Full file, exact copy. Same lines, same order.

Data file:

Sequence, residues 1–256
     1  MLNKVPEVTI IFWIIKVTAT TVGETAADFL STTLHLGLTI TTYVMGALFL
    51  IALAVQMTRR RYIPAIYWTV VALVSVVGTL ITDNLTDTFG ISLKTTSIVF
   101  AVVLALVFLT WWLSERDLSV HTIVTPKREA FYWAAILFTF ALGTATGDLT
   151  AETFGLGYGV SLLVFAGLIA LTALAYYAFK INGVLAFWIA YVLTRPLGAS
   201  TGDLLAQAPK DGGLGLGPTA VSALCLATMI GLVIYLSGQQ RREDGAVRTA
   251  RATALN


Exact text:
Sequence, residues 1–256
     1  MLNKVPEVTI IFWIIKVTAT TVGETAADFL STTLHLGLTI TTYVMGALFL
    51  IALAVQMTRR RYIPAIYWTV VALVSVVGTL ITDNLTDTFG ISLKTTSIVF
   101  AVVLALVFLT WWLSERDLSV HTIVTPKREA FYWAAILFTF ALGTATGDLT
   151  AETFGLGYGV SLLVFAGLIA LTALAYYAFK INGVLAFWIA YVLTRPLGAS
   201  TGDLLAQAPK DGGLGLGPTA VSALCLATMI GLVIYLSGQQ RREDGAVRTA
   251  RATALN